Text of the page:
Wednesday, December 31, 2008

Recommendations of Rangarajan Committee on Micro Insurance

The Committee on Financial Inclusion (Chairman: Dr. C. Rangarajan), which submitted its report in January 2008, observed in its report that micro insurance should provide greater economic and psychological security to the poor as it reduces exposure to multiple risks and cushions the impact of a disaster. Micro insurance in conjunction with micro savings and micro credit could go a long way in keeping this segment away from the poverty trap and would truly be an integral component of financial inclusion.

The Committee suggested that in order to economise on costs and to increase the outreach of micro insurance to the poor, the insurers need to utilise existing Government organisations and NGOs, having greater acceptability among the financially excluded. In the opinion of the Committee, there is a need to emphasise linking of micro credit with micro insurance. Further, as it helps in bringing down the inherent risk cost of lending, NABARD should be regularly involved in issues relating to rural and micro insurance to leverage on its experience of being a catalyst in the field of micro credit. The Committee suggested that the technology platforms being envisaged to facilitate financial inclusion should enable micro insurance transactions also.
Towards this end, according to the Committee, there is a need to integrate the various modules - savings, credit, insurance, etc. - into the technology framework so that holistic inclusive efforts are possible in the rural areas.

The Committee observed that there are a large number of group life and health insurance schemes which are run by various central ministries and State Governments. The level of actual coverage in terms of claims preferred and settled in such schemes is disturbingly low. These schemes should be reviewed by an expert group set up by the Insurance Regulatory and Development Authority (IRDA).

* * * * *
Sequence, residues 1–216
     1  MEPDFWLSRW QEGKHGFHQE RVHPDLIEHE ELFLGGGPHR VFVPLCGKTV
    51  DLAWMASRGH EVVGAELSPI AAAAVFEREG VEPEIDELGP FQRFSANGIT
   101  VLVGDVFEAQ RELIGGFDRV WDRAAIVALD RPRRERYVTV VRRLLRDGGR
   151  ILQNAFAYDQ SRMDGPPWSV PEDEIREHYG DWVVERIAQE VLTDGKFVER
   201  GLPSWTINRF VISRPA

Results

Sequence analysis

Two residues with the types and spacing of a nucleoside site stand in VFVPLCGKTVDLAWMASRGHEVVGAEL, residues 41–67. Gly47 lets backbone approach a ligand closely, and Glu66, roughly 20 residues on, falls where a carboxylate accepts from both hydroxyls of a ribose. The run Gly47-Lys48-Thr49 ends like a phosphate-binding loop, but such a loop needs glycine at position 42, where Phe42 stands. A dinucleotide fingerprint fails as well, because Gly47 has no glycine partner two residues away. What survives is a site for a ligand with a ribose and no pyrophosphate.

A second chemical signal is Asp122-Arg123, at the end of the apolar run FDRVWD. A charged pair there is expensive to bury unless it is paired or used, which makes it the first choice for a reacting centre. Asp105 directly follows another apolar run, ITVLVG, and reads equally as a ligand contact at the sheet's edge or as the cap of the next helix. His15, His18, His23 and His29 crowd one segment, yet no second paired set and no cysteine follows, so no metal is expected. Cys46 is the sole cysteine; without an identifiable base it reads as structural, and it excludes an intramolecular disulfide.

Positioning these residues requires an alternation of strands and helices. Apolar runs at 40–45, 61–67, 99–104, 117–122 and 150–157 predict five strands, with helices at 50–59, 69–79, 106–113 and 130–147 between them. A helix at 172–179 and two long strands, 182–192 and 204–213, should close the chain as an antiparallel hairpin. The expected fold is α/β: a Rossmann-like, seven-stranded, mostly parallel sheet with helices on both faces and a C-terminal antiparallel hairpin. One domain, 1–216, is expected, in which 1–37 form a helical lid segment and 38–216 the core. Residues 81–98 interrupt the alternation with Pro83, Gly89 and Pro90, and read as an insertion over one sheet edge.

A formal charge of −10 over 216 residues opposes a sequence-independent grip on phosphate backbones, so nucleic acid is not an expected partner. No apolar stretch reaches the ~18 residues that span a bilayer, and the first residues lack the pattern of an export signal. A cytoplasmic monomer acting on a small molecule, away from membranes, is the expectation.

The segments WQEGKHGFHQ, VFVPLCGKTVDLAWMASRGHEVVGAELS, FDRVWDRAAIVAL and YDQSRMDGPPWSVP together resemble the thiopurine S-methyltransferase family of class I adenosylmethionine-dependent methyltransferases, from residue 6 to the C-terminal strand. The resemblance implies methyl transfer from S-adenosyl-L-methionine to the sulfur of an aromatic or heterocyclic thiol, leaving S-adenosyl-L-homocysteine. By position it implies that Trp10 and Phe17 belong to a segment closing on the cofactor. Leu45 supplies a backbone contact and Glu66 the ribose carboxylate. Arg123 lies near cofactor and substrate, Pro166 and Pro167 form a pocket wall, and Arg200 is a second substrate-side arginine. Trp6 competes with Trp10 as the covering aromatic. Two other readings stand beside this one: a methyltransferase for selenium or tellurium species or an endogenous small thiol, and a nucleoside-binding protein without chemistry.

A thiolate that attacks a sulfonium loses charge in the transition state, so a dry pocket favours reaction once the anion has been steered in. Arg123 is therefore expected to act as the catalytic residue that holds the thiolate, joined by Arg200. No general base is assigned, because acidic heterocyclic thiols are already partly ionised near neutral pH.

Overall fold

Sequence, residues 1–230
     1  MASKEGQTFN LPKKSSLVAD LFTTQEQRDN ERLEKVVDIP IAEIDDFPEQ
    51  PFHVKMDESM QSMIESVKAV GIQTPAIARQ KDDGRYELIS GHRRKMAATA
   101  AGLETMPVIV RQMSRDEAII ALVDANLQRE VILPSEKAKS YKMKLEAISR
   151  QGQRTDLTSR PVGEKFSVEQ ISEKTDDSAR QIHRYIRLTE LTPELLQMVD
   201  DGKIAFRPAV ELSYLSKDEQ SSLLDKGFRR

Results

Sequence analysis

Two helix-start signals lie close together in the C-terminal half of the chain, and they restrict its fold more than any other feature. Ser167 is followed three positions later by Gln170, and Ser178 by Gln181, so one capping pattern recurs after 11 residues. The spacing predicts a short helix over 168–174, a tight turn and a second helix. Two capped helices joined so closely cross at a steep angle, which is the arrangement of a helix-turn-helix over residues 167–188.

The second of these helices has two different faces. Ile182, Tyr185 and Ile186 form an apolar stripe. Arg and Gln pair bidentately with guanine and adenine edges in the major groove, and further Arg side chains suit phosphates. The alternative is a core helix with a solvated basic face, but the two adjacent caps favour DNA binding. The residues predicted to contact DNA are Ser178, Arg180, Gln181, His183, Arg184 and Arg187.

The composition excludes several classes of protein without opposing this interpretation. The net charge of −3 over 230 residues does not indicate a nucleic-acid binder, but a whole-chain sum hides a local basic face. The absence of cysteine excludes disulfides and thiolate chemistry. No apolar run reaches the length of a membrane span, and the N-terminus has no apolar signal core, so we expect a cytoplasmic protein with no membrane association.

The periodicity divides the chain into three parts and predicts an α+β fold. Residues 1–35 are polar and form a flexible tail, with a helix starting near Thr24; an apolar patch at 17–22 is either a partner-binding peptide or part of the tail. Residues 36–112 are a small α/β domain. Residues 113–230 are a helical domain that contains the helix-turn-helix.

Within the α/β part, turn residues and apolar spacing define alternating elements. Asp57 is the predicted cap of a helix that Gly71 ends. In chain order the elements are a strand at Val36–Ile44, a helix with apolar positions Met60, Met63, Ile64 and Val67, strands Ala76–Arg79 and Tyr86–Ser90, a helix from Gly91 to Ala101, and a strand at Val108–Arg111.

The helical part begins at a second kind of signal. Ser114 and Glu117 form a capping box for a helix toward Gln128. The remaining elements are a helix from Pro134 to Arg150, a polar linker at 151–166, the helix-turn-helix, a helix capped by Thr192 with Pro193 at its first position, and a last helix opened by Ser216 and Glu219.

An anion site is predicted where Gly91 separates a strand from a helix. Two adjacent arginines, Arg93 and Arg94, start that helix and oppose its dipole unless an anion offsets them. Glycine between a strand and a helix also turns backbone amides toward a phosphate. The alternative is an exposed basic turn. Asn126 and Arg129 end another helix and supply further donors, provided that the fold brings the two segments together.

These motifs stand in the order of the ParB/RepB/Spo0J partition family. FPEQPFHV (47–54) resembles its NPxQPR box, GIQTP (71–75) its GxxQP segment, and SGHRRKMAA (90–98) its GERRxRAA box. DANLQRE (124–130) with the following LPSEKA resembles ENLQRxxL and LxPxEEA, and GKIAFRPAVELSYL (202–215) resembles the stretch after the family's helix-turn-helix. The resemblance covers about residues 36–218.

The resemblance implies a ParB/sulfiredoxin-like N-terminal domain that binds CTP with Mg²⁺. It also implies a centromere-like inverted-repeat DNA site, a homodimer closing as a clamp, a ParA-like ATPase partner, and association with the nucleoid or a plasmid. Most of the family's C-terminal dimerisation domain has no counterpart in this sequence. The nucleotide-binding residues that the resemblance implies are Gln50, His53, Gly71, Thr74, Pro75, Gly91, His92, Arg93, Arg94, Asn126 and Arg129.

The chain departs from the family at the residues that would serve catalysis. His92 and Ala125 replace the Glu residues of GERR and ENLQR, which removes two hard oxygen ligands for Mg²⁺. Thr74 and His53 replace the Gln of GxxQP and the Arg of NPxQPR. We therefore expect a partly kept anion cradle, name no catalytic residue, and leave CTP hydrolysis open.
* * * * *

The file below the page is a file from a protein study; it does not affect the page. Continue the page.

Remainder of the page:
Making specific recommendations about various insurance schemes available, the Committee observed that a wide range of products are available in life insurance category but penetration is really limited in rural areas. The procedural requirements at the time of entry and in case of claims settlement are cumbersome. The commission structure for agents is also heavily weighed in favour of getting new policies with very little incentive to service existing policies. In this regard, Micro Insurance
Guidelines (MIG) 2005 issued by IRDA has provided for equal commission throughout the life of a policy and this will now remove the disincentive in servicing existing policy holders.

As far as health insurance is concerned, the Committee observed that its penetration level was even much lower than life insurance. The two categories viz., critical illness and hospitalisation are the main product segments. Some State Governments have developed health insurance schemes which are still in very early stages. The Committee has recommended mutual health insurance models as a better alternative to the take care of existing situation. As regards crop insurance, the committee recommended that policies be evolved to make crop insurance universal, viz., applicable to all crops/regions and pricing actuarial. About asset insurance the Committee again recommended that involving local NGOs, MFIs and SHGs, among others, as distribution channels as well as facilitators of claims settlements would be quite useful.

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